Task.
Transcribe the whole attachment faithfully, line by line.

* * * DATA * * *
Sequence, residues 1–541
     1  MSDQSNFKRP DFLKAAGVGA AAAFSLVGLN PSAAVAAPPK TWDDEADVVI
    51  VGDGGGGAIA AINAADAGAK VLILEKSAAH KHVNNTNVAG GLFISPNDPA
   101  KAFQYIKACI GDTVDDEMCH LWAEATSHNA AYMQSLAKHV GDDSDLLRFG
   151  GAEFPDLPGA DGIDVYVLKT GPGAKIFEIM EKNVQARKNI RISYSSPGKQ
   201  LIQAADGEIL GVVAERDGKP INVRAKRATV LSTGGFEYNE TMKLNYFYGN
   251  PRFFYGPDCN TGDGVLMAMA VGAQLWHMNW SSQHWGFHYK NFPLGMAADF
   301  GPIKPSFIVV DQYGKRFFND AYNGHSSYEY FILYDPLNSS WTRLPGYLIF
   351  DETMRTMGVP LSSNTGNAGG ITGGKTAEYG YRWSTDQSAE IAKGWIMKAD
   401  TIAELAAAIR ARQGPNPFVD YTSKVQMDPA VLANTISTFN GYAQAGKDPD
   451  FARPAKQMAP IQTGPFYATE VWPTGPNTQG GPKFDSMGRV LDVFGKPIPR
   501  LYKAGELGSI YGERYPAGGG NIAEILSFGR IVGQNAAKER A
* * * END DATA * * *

Sequence, residues 1–541
     1  MSDQSNFKRP DFLKAAGVGA AAAFSLVGLN PSAAVAAPPK TWDDEADVVI
    51  VGDGGGGAIA AINAADAGAK VLILEKSAAH KHVNNTNVAG GLFISPNDPA
   101  KAFQYIKACI GDTVDDEMCH LWAEATSHNA AYMQSLAKHV GDDSDLLRFG
   151  GAEFPDLPGA DGIDVYVLKT GPGAKIFEIM EKNVQARKNI RISYSSPGKQ
   201  LIQAADGEIL GVVAERDGKP INVRAKRATV LSTGGFEYNE TMKLNYFYGN
   251  PRFFYGPDCN TGDGVLMAMA VGAQLWHMNW SSQHWGFHYK NFPLGMAADF
   301  GPIKPSFIVV DQYGKRFFND AYNGHSSYEY FILYDPLNSS WTRLPGYLIF
   351  DETMRTMGVP LSSNTGNAGG ITGGKTAEYG YRWSTDQSAE IAKGWIMKAD
   401  TIAELAAAIR ARQGPNPFVD YTSKVQMDPA VLANTISTFN GYAQAGKDPD
   451  FARPAKQMAP IQTGPFYATE VWPTGPNTQG GPKFDSMGRV LDVFGKPIPR
   501  LYKAGELGSI YGERYPAGGG NIAEILSFGR IVGQNAAKER A